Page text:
The closure will allow Contractor Adolfson & Peterson to install patios on the Hotel Landing, according to a release: “The roadway will be closed directly in front of the Landing hotel, between Engel Street and the roundabout…”
Officials indicate the road will close at 5:00 am and re-open at 5:00 on both days.
City Hall was filled with complaints of wrong way drivers and frustrated motorists the last time this street was closed, as the closure occurred as the Bushaway Road bridge was under construction.
Former Wayzata.com intern and Wayzata High School Alumni Barrett Anderson continues to be successful as a Sports Anchor for KBJR-TV Channel 3 in Duluth MN.
A new 30 second spot (above) indicates the prepwork and approach required to convey stories successfully in the broadcast environment. “I’ve had people say to me, you just show up for work and read the teleprompter. If only you knew,” states Anderson. “Before you even come in to work you have to think, what am I going to cover today, how am I going to display that in a way that the viewers are going to receive it best.”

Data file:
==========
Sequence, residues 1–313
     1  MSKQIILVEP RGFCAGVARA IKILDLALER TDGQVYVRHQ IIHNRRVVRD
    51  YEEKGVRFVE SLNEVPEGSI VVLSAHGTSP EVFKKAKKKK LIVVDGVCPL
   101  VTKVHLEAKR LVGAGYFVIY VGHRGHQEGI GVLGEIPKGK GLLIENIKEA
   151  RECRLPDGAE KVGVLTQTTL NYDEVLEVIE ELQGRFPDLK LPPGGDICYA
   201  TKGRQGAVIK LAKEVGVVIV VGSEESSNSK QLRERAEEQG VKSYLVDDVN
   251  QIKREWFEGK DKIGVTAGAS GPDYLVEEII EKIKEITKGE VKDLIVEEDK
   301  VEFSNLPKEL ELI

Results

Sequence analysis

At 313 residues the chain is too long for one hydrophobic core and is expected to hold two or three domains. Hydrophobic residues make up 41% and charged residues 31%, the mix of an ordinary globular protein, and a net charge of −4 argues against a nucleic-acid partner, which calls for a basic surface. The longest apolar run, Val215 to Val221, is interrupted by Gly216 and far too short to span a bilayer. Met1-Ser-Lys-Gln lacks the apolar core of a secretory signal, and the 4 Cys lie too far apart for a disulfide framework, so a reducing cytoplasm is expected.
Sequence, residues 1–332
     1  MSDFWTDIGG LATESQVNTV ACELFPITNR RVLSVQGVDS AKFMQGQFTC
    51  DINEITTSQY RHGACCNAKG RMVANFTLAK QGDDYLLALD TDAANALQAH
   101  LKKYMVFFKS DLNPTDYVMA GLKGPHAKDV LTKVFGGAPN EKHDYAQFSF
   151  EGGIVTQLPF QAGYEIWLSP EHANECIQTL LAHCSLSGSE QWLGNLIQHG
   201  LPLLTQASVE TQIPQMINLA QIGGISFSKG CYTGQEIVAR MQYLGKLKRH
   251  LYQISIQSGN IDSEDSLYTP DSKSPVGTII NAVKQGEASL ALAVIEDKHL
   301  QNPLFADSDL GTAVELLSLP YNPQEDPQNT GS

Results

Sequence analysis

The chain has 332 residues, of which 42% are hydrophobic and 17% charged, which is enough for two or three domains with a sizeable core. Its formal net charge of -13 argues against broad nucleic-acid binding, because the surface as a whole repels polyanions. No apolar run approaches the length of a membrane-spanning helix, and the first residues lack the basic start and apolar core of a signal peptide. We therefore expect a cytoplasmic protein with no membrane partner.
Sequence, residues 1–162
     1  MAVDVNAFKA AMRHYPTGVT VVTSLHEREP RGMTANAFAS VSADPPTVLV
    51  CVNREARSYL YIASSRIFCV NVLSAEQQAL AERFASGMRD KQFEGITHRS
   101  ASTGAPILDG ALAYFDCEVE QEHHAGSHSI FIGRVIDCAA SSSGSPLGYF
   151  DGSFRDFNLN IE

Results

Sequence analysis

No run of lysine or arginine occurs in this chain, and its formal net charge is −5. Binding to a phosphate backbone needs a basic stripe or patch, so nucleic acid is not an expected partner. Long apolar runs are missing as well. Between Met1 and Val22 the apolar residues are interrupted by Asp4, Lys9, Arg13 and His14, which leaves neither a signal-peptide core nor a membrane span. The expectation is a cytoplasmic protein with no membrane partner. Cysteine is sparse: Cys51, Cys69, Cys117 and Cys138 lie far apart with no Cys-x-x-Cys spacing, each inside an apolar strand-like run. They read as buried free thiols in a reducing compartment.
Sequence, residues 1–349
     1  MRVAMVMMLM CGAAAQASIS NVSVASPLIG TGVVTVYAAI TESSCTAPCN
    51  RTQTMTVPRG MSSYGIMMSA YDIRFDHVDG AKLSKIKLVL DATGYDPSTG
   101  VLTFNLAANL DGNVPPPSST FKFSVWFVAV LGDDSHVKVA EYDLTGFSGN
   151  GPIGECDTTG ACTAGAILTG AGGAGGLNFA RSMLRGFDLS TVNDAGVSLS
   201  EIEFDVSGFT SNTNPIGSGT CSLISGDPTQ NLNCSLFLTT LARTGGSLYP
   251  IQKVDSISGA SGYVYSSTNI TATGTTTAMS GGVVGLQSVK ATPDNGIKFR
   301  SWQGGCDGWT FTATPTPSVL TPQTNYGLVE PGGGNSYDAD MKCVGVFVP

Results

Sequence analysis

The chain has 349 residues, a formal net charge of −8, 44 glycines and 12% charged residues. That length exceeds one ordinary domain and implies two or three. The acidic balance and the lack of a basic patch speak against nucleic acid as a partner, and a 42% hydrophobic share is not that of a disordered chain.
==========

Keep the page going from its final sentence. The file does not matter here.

Anderson has recently been featured in a number of commercials for the CBS affiliate. An example of her work is below:
Anderson is the daughter of Brad and Maari Anderson–a local couple with extensive Wayzata ties. Brad is the former Head Football Coach for the Trojans and Maari is a local real estate agent for Fazendin Realtors.
Channel 3 in Duluth is Barrett’s 2nd professional television stop in Minnesota, having previously worked at KEYC Channel 12 in Mankato. Other experience includes stints at Fox Sports North and Wayzata.com.
Good luck and congratulations on your continued success Barrett!
Hennepin County regularly monitors water quality at the popular recreational spot on Lake Minnetonka. Tests conducted on Monday July 17th confirm the beach must close. If history repeats itself as in years past, the beach will be open again for summer fun shortly.
Stay tuned to Wayzata.com, your official Wayzata Beach monitoring news leader.
Join us for a special event to celebrate the Wayzata Historical Society’s 35th Anniversary! We would love to have you join us, even if you are not a member of the society.